Egypt restores the ancient road linking the temples of Luxor and Karnak | Egypt
A restored road connecting two ancient Egyptian temple complexes in Karnak and Luxor was revealed in a lavish ceremony aimed at raising the image of one of the most important tourist sites in Egypt.
Thursday’s procession to reopen the 1.7-mile (2.7 km) road included a re-enactment of the ancient Opet festival, where statues of the Theban deities were displayed annually during the New Kingdom to celebrate the fertility and flood of the Nile.
The Egyptian president, Abdel Fattah el-Sisi, walked along the road at the start of the ceremony. Pharaonic carriages and more than 400 young artists wearing pharaonic costumes paraded along the street.
The 3,400-year-old road that connects the ancient centers of Karnak and Luxor, also known as the Road of Rams or Street of the Sphinx, is lined with hundreds of sphinxes with human and ram heads, though many have been eroded over the years or destroyed.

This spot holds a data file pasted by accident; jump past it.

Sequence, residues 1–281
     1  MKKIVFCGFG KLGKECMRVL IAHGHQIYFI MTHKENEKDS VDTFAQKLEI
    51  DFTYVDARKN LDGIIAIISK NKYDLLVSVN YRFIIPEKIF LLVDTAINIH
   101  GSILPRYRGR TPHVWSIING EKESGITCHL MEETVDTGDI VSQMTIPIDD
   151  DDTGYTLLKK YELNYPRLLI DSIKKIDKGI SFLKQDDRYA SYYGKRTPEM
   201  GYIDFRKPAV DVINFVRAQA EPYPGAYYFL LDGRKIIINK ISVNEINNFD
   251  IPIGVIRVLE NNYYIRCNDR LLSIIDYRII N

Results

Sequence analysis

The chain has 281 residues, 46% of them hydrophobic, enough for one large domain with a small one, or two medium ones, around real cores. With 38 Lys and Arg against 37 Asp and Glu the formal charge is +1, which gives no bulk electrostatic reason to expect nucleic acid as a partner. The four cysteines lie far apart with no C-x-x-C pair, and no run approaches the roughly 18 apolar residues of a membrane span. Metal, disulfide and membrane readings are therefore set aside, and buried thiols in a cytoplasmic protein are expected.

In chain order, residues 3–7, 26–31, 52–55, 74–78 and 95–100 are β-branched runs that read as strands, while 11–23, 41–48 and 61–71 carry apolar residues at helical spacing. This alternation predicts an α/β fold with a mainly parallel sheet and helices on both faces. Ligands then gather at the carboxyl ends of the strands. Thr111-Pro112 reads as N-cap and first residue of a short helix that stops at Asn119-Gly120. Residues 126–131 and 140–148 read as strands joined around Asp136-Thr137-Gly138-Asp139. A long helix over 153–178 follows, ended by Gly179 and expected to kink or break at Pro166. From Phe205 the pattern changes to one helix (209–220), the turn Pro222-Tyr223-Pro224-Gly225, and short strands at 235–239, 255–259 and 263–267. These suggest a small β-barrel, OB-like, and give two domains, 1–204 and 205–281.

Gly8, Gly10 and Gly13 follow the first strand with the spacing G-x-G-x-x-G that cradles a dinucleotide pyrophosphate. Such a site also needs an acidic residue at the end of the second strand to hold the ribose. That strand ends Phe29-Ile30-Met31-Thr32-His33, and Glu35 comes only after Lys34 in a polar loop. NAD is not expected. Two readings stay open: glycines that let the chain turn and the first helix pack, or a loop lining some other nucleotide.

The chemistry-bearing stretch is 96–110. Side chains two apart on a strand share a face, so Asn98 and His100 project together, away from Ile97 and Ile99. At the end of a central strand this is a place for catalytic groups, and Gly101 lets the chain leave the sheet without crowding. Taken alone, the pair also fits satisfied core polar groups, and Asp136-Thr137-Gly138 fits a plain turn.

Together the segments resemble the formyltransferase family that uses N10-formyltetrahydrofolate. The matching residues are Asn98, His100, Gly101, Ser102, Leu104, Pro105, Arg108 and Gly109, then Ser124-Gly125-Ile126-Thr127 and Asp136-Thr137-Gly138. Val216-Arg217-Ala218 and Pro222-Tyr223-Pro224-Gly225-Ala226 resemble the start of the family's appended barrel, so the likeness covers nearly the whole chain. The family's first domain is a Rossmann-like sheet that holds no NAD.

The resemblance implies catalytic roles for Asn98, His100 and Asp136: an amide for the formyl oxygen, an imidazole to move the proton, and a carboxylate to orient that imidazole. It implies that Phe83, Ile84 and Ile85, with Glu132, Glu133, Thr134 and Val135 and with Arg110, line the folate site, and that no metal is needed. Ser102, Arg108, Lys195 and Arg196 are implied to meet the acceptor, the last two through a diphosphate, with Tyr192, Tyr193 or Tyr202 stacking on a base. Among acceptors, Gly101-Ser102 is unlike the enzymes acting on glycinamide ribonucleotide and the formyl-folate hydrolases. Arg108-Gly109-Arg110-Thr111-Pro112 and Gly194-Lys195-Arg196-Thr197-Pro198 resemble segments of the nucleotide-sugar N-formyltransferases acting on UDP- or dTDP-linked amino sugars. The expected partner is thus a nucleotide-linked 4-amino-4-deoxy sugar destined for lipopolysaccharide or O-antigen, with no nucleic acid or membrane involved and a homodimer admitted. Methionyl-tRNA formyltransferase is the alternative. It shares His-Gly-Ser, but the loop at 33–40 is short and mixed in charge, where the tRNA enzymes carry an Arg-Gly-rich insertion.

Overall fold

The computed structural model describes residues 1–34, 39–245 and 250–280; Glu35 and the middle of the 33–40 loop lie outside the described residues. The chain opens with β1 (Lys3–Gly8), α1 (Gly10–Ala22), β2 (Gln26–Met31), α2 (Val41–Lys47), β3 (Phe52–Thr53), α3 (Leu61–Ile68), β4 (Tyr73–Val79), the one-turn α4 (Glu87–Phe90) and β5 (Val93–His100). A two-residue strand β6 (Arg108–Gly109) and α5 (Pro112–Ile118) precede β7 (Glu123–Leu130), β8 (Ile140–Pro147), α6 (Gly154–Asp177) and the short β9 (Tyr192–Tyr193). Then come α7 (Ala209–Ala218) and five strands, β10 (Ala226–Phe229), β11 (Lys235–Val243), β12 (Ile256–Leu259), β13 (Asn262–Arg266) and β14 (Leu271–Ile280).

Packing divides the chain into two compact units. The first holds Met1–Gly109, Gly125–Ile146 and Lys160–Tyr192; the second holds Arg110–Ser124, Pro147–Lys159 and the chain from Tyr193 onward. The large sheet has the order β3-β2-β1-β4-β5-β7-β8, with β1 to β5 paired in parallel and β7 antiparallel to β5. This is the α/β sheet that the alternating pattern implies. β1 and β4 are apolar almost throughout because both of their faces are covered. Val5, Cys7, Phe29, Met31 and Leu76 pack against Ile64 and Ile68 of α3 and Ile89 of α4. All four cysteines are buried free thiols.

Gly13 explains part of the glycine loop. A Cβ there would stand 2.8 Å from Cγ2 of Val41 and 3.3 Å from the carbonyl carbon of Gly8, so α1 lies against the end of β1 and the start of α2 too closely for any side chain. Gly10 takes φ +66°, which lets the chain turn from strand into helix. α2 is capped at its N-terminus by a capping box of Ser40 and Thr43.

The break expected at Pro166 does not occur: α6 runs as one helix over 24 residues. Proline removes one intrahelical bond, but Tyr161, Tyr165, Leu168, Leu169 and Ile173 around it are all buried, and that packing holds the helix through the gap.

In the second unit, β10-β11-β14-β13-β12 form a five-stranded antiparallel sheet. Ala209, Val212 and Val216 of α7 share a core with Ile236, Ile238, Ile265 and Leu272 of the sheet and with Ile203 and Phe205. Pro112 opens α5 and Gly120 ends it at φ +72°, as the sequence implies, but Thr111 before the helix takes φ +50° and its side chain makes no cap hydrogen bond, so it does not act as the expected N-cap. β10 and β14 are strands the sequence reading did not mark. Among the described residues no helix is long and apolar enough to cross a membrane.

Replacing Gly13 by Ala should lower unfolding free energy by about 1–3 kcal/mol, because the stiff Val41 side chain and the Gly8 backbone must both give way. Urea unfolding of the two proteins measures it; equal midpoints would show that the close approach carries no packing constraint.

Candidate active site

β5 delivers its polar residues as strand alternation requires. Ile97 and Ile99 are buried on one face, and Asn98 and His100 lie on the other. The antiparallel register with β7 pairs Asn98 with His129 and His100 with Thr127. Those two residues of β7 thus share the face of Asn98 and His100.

The road has undergone several restoration efforts since its discovery in 1949, the last of which began in 2017.
Tourism is an important source of jobs and hard currency for Egypt, which has made concerted efforts to lure travelers who have given up on the coronavirus pandemic.
In April, 22 ancient royal mummies from Luxor and the Valley of the Kings near the Egyptian Museum in Cairo were presented to the new National Museum of Egyptian Civilization.
Tourism revenue in Egypt fell to around $4 billion (£3 billion) in 2020, down from $13 billion in 2019.